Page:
Davos: A major opening for Zimbabwe

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Next week’s meeting of the World Economic Forum in Davos, a Swiss alpine town and ski resort, offers President Mnangagwa a significant opportunity to rub shoulders with heads of major international companies alongside an invited selection of heads of state, heads of international organisations, top economists, academics and regulars of the international elite circuit.

The forum is the centre of the globalisation movement. It is organised and funded by a non-profit foundation which groups around 1 000 major international companies, outfits with turnover exceeding $5 billion each a year, and whose CEOs all have automatic attendance rights. The rest of the 2 500 participants are there by invitation only, and President Mnangagwa is the first Zimbabwean leader invited.

While there are a little over 200 formal sessions, no one can attend more than a handful in the four-day programme. The main function of the forum is to allow less formal contact and discussion, networking as the business world tends to describe it.

So what benefit does our President and our country obtain from the invitation?
President Mnangagwa has made it very clear, several times that he wants Zimbabwe to open up to the world economically and politically and use that opening to create economic growth and rapidly rising standards of living for Zimbabweans. And this requires far more than the normal diplomatic and political channels. Davos offers the opportunity to make personal contact with at least some of the shakers and movers of the economic world, the sort of people who make the bulk of the final decisions concerning foreign direct investment for example.

So the President can make himself known as someone who is approachable, who can listen to concerns and who can be trusted to negotiate in good faith. The fact that he is an astute politician, known as being pro-business and who can at least discuss business and economic matters intelligently will become better known.

Obviously detailed investment negotiations are not part of this sort of meeting. And in any case these are done at lower levels. But for Zimbabwe to be known as a country willing to do business, and welcoming to those who want to do business, is important. And if some heads of potential investing companies have actually met the head of state over a cup of coffee they can include that assessment of seriousness in future decisions to open more direct dealings and negotiations.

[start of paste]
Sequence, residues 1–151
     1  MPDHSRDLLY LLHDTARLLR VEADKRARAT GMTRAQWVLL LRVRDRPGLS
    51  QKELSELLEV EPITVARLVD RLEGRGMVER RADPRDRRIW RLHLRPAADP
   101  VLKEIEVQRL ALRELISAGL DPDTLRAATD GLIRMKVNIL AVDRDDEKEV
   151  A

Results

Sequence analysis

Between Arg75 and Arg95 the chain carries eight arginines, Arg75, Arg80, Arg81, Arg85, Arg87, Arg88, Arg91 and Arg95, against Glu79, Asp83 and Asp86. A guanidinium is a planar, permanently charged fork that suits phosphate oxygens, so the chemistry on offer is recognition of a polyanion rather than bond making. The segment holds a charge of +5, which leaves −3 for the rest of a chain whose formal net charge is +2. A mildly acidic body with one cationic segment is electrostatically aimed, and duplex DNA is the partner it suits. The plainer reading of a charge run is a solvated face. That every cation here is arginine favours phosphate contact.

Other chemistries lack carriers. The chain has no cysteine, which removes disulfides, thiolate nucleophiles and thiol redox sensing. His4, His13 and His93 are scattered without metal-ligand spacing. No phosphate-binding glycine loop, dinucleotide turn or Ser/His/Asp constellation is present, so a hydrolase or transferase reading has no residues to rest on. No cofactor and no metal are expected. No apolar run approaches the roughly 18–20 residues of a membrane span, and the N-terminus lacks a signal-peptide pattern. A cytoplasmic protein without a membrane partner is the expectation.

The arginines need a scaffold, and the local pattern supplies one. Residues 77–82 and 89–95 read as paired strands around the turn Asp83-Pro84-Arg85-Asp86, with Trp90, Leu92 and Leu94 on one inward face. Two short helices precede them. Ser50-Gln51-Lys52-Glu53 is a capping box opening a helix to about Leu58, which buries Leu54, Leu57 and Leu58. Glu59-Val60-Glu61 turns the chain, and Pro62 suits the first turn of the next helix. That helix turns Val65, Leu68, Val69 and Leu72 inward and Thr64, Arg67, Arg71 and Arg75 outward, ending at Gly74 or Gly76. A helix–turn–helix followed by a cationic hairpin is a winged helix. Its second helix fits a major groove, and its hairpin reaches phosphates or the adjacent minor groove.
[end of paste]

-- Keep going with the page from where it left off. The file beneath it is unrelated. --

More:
Although economists like to believe that personal factors never influence economic decisions, everyone else knows that they do; this is one reason why business people play golf together and belong to associations from Rotary upwards.

The President also gets a far better idea of just what are the biggest single concerns that worry those who to large extent have the biggest say in how the global economy works. Clearly Davos: A major opening for Zimbabwe

no political leader is going to give the business world everything it wants, but often a sensitivity to real concerns can lead to changes, major and minor, that do no harm to Zimbabwe but yet can have a significant impact on how the country is perceived.

Of course there are other contacts, with international organisations who may want to chat less formally than the meetings of a row of dark-suited ladies and gentlemen down each side of a table. And there will be other heads of state and government who will be at least curious what sort of man Zimbabwe has thrown up as its new President.

The invitation is also an indication that some important people in the business world recognise that Zimbabwe has made a major shift, and incidentally has a legal and legitimate Government that can follow through on the shift. Simply sending the invitation is a serious vote of confidence and a sign that Zimbabwe could well be moving forward. Sometimes perception is almost as important as substance.

So there are not going to be any spectacular deals sunk at Davos, nor any breakthroughs announced a week later. But attendance at the meeting lays the groundwork for the hard graft that the new Government, its diplomats and Zimbabwe’s business community can build on as we move out of our unsplendid isolation and into the fast-changing modern world.

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